Warm Springs (film)
Warm Springs is a 2005 television film about American President Franklin D. Roosevelt's struggle with polio, his discovery of the Warm Springs, Georgia spa town resort and his work to turn it into a center for the aid of polio victims, and his resumption of his political career.
Franklin Delano RooseveltEdit
- [on his plans to run for office] When I can walk, I'll run.
- [During a speech] Now, they say! The best way to get rid of a man! Is to have him run for vice president! Well, I say! Ask my cousin Teddy! That's how they got rid of him!
- [tearfully, standing in the pool] I'm standing. I'm standing.
- [speaking at the schoolhouse graduation ceremony] Thank you. Thank you, my friends. Now, you know, at Groton where I graduated from high school, our beloved Headmaster encouraged his students to enter public life. I chose to attend Harvard for my undergraduate work and then Columbia for my law degree. Followed my Headmaster's advice and sought a career in public life, but circumstances beyond my control... [begins shaking] have made that very difficult. You know, I've given many speeches in my life. I don't know why I'm having such a hard time making this one.
- I am proud more than you will ever know, to be a part of this community. It is a real community based not on birth rite or privilege, but on compassion.
- "There but for the grace of God," they say, as if our bodies were who we are. Well it's not: our souls are who we are, only they don't know it.
- Franklin, I can't help you out of a hole if I climb in with you.
- Louis McHenry Howe: I can't quite picture you in the back woods of Georgia.
- Franklin Delano Roosevelt: Well, where do you picture me, Louis?
- Louis McHenry Howe: 1600 Pennsylvania Avenue.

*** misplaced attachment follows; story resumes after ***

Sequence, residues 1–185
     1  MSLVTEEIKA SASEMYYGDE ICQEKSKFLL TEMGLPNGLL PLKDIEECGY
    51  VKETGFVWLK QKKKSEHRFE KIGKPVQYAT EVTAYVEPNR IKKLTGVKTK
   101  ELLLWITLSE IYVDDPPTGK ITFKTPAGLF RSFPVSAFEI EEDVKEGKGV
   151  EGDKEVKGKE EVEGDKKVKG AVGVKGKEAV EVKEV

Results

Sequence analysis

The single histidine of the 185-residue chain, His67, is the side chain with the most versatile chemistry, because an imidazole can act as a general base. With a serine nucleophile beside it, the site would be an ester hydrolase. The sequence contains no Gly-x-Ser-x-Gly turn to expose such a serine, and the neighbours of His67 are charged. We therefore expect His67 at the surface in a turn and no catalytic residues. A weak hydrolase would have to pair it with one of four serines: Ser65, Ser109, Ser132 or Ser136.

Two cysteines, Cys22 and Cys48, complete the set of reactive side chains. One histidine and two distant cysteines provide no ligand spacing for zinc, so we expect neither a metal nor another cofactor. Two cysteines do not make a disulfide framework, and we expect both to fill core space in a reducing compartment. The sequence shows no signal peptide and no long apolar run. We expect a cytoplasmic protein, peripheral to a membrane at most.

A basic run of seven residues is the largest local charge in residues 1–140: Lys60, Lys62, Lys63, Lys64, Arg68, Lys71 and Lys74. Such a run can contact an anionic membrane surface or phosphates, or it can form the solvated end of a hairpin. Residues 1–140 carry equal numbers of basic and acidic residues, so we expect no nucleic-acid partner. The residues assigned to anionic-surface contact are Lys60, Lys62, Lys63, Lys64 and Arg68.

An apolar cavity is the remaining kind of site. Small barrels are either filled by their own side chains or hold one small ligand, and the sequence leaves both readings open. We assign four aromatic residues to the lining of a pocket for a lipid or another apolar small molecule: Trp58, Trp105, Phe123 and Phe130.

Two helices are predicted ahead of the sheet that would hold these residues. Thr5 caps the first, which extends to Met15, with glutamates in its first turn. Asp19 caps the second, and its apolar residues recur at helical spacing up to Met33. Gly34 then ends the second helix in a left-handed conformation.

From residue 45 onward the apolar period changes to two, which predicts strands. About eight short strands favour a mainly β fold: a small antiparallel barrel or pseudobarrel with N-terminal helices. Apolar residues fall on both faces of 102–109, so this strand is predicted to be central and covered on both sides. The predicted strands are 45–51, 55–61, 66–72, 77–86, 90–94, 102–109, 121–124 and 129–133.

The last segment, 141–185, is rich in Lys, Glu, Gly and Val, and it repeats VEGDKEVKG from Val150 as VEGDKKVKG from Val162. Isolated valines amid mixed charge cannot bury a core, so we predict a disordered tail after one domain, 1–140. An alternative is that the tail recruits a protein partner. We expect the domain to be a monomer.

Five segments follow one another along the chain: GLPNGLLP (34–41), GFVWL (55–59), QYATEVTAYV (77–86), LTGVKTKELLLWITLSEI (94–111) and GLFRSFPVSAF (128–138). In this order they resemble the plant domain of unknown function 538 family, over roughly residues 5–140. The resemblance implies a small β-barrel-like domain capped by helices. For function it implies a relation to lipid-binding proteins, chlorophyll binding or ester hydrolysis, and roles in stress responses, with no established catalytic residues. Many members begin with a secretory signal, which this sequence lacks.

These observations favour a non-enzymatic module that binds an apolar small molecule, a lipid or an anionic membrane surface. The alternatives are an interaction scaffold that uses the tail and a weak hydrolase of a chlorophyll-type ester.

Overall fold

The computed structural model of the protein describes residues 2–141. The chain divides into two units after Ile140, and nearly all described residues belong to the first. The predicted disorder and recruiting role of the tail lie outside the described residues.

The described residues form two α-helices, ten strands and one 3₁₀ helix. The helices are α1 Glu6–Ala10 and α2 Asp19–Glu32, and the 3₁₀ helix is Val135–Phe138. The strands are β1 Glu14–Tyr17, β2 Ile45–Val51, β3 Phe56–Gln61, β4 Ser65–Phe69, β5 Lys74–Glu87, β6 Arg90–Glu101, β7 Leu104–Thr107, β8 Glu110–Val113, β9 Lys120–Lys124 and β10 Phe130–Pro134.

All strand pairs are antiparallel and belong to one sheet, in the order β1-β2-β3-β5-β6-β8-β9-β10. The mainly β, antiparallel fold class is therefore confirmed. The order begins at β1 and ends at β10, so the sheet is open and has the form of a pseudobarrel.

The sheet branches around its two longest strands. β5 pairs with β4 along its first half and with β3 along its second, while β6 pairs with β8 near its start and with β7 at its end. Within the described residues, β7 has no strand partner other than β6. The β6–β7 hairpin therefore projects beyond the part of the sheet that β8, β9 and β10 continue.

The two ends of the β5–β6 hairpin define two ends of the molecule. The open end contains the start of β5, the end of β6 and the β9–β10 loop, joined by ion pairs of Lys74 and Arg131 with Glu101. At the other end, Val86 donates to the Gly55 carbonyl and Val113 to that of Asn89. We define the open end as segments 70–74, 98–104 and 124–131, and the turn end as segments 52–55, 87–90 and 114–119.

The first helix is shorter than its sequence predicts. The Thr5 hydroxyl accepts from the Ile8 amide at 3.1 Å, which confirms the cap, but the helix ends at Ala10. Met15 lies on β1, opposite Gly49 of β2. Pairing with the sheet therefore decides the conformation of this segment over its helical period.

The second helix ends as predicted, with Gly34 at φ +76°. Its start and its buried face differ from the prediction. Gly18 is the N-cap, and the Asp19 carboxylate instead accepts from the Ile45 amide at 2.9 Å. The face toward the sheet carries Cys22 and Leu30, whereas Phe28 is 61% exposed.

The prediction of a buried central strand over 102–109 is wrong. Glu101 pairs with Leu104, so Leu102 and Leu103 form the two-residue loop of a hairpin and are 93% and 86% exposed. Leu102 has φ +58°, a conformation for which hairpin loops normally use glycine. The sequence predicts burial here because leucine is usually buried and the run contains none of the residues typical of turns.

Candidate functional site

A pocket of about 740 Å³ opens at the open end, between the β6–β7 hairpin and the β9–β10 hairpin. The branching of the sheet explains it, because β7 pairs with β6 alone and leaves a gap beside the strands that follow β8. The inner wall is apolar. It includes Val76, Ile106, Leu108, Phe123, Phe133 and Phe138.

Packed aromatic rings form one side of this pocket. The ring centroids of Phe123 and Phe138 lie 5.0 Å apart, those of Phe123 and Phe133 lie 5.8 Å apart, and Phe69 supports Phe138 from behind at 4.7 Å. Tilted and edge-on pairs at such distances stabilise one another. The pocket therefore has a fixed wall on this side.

- Franklin Delano Roosevelt: [on first arriving at Warm Springs] This place should be condemned!
- Tom Loyless: We have seen better times. But then, I imagine, so have you.
- Helena Mahoney: I feel like I've been brought here under false pretenses.
- Franklin Delano Roosevelt: Join the club.
- Louis McHenry Howe: Why are you a Democrat?
- Franklin Delano Roosevelt: The Democratic Party is the party of the people, and I'm a man of the people.
- Louis McHenry Howe: You're a Roosevelt. Since when does a Roosevelt know about people?
- Eleanor Roosevelt: You want to stay?
- Franklin Delano Roosevelt: Yes.
- Eleanor Roosevelt: New York has the best doctors and hospitals in the country.
- Franklin Delano Roosevelt: I need something new.
- [short pause]
- Eleanor Roosevelt: This isn't about getting better, is it? You don't want to come home. You don't want to live with us.
- Franklin Delano Roosevelt: I refuse to be a burden to anyone--
- Eleanor Roosevelt: Your not a burden, your my husband.
- Franklin Delano Roosevelt: I want to offer you the freedom you once so generously offered me. Listen, all you've ever known is duty to me and to a political career and unless I can walk again, no longer exists. You've been...exemplary. Now I'm telling you...that your free to go.
- Eleanor Roosevelt: I don't want freedom. I want a marriage. I want a life with you.
- Franklin Delano Roosevelt: Perhaps I can't imagine what you think that life is going to be.
- Eleanor Roosevelt: Oh, Franklin. It's not up to me to imagine. It's up to you.
- Franklin Delano Roosevelt: Don't talk to me as if I were a child!
- Eleanor Roosevelt: How am I supposed to talk to you?
- Franklin Delano Roosevelt: Like I was!
- Eleanor Roosevelt: I don't know how to any more.
- Franklin Delano Roosevelt: You never pitied me, Tom. Thank you for that.
- Tom Loyless: On the contrary; I envy you.
- Helena Mahoney: Good luck, Franklin.
- Franklin Delano Roosevelt: I'm throwing myself to the wolves.
- Helena Mahoney: If they bite, you can come back here.
- Franklin Delano Roosevelt: I'll always come back here.
- [FDR is about to make a speech.]
- Louis McHenry Howe: What's the matter?
- Franklin Delano Roosevelt: What if I fall?
- Louis McHenry Howe: If you fall, you just get up again.
- Franklin Delano Roosevelt: If I fall in front of thousands of people, I'll lose everything... except their pity. They'll never see past my legs.
- Eleanor Roosevelt: My darling, they'll never see past your legs... until you do.
- [last lines]
- Reporter: Mrs. Roosevelt, do you think that polio has affected your husband's mind?
- Eleanor Roosevelt: [smiling] Yes, I do! I certainly do!